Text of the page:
Posted on

All About the Bees!

May 20th marked the annual UN Bee Day, a day that is dedicated to raising awareness about our little insect helpers. Bee populations face many threats — not least from pesticides and modern farming practices — but recent years have seen an ever-increasing interest in bees and their keeping. Today, four months after Bee Day, we would like to introduce you to a selection of bee-related literature that is sure to both educate and inspire you.

— The Idle Beekeeper (Bill Anderson): As more and more individuals express an interest in beekeeping, a select few turn their curiosity into action by becoming amateur beekeepers. Anderson is one of them – an urban beekeeper who resides in London and wrote a book that draws on his experiences, serving as a guide to the art of idle beekeeping. The book goes into detail about low-effort practices and easily maintainable hives that support the local bee population, all while being engaging and often philosophical. After all, bees are not solely there to produce honey, but to support entire ecosystems.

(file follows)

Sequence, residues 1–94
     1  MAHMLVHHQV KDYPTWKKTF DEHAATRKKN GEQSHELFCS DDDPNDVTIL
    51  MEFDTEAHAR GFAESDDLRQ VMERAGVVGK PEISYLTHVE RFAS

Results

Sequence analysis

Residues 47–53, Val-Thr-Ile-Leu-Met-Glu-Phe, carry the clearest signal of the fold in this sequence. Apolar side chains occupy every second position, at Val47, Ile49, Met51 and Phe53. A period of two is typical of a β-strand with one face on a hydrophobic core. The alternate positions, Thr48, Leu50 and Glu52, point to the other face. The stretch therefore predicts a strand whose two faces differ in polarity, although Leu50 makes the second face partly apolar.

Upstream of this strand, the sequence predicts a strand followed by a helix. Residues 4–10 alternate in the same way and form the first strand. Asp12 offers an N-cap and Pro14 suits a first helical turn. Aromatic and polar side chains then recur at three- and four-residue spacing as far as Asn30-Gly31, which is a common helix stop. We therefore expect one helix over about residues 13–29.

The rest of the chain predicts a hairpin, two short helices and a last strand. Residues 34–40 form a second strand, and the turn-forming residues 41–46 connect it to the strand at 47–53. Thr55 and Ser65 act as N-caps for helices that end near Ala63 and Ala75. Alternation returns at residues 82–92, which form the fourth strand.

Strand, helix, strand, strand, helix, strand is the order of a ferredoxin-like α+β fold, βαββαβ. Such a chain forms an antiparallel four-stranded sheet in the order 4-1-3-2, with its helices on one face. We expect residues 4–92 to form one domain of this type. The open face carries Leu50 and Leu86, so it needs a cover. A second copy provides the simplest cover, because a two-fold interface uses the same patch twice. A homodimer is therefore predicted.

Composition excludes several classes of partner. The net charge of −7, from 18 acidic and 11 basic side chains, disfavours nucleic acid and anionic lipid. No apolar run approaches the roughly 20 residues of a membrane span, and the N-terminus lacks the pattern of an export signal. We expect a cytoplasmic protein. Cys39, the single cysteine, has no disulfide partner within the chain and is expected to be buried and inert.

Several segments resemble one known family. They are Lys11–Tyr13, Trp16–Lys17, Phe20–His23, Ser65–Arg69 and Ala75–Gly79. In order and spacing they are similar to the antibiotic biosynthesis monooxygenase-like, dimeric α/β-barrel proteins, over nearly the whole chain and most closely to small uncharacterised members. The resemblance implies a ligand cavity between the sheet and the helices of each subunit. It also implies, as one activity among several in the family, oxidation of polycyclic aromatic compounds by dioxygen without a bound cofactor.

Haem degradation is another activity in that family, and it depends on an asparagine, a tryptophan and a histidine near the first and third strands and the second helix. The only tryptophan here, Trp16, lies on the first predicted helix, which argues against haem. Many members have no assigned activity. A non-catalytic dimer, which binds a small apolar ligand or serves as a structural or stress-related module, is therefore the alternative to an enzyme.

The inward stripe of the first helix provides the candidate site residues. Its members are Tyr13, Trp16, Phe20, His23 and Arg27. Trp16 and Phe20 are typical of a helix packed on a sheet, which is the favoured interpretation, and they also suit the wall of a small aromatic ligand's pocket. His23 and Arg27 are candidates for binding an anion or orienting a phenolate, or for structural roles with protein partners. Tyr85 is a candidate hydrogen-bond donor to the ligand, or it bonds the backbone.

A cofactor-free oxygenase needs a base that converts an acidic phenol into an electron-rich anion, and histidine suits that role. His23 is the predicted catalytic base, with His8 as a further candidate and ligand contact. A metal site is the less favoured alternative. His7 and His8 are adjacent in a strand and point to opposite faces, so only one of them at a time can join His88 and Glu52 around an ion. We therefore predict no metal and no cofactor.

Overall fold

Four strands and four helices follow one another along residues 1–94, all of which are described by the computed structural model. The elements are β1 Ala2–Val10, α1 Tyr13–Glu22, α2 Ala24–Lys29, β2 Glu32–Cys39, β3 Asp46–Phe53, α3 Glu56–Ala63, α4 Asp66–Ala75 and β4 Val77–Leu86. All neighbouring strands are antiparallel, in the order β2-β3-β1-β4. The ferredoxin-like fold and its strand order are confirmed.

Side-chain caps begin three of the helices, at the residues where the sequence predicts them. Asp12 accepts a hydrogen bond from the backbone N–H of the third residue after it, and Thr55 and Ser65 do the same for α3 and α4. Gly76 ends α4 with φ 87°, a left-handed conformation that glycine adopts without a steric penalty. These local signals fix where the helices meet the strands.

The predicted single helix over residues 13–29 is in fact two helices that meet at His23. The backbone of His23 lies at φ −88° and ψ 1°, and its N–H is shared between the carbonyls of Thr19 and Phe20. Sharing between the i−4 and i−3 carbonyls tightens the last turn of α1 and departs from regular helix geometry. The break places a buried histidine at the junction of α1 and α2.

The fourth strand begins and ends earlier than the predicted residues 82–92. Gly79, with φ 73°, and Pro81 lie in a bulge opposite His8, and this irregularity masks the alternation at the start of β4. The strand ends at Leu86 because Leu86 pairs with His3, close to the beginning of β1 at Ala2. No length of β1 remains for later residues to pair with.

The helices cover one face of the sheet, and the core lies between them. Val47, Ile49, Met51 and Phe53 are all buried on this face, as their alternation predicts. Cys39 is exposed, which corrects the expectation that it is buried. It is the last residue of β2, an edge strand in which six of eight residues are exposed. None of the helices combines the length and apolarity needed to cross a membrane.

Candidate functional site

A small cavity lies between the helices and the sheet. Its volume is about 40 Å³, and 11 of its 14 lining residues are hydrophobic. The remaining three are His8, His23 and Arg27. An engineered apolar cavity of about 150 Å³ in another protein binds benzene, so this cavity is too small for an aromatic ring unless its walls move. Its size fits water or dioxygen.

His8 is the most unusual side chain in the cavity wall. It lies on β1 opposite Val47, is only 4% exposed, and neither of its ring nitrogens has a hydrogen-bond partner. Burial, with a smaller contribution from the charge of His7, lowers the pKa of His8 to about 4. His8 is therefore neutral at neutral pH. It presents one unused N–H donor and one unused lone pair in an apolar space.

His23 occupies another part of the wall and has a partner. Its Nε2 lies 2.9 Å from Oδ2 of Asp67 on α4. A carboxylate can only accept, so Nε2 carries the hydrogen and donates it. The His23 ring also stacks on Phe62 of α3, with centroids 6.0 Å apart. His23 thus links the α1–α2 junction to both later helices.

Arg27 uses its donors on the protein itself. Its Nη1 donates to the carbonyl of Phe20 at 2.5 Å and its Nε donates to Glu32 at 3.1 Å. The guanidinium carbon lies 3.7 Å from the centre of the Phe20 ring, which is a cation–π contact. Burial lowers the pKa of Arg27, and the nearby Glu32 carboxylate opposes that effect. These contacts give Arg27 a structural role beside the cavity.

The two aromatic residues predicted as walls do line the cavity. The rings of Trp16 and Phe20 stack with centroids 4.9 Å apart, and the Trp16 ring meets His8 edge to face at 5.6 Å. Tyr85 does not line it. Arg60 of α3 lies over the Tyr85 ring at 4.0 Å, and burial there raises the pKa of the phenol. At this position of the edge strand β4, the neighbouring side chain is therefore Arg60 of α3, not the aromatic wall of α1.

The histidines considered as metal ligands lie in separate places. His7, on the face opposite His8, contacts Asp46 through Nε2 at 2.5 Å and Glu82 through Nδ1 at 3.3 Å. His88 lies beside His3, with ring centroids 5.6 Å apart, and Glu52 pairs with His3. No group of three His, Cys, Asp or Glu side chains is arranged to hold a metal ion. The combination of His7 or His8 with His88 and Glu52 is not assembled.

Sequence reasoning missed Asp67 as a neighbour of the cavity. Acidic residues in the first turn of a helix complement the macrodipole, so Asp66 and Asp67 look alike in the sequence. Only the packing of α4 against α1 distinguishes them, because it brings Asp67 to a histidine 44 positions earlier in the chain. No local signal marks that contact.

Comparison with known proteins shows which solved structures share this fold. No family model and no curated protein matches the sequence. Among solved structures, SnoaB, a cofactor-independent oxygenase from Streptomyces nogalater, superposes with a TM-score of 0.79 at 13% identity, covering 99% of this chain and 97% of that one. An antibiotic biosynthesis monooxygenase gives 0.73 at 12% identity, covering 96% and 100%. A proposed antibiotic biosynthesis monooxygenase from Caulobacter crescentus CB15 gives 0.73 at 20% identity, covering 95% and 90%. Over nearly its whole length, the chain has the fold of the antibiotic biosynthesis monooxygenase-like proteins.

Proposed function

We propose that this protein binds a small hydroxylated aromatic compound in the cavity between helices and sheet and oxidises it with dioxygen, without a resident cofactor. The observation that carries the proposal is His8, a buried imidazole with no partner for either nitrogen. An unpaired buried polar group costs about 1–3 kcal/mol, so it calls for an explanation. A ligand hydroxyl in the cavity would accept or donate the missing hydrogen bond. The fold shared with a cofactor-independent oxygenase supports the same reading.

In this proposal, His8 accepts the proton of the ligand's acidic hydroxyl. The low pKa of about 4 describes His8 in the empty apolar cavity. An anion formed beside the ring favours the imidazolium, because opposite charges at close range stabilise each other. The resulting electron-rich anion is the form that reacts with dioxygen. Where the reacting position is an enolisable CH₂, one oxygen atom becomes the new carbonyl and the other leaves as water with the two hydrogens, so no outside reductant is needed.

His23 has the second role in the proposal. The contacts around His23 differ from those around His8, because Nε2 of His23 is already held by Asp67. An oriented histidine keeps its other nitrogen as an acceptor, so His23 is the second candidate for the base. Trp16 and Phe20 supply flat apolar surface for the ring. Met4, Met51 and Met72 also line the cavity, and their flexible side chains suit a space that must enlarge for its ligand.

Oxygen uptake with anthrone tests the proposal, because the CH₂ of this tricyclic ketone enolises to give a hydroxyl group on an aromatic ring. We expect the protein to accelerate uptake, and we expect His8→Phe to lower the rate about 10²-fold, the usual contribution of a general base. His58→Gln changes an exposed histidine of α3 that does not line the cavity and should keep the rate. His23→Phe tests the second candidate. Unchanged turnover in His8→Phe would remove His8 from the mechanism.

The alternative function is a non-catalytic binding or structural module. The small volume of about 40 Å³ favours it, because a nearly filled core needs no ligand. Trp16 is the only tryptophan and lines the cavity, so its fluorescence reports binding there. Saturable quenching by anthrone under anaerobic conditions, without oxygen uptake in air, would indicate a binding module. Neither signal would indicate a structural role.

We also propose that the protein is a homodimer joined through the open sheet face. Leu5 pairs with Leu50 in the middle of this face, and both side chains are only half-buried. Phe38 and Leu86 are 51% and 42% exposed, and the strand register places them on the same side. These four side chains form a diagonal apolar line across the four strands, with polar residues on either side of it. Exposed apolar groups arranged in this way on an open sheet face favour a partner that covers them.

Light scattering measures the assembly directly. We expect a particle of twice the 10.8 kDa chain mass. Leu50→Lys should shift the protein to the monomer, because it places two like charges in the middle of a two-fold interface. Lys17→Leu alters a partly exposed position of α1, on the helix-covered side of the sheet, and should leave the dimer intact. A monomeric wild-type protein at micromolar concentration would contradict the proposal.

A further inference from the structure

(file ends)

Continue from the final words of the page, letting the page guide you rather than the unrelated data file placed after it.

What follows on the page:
If you are interested in hearing more about Anderson’s experiences, do come along to the Golden Hare Books Festival! He will be speaking on Saturday, the 19th of October. For full details, visit the Golden Hare website. 

— Bee (Claire Preston): This book takes a different approach to the topic of bees in that it is an historical account of how they became such vital parts of our culture. We relate bees to productivity, to busyness and collaboration, but when did those associations take root? Even terms like royalty come to mind when we think of beehives and their hierarchical structures, another phenomenon that is explored in Bee. Meticulously researched and dotted with wonderful illustrations, this book is sure to answer most of your questions about our insect friends. 


— A Sting in the Tale (Dave Goulson): This book focuses on the bumblebee, fuzzy sibling to the honeybee. What do changing agricultural practices during the Second World War have to do with the decline of the British bumblebee? Why were bumblebees exported to New Zealand? And how on Earth did they get there? A Sting in the Tale is a fascinating read that will educate you about the importance of bumblebees to the survival of our native ecosystems, and it serves as a very convincing account of why we should not dismiss bumblebees simply because they appear a little more unstructured, and, well, bumbling than their honeybee relatives.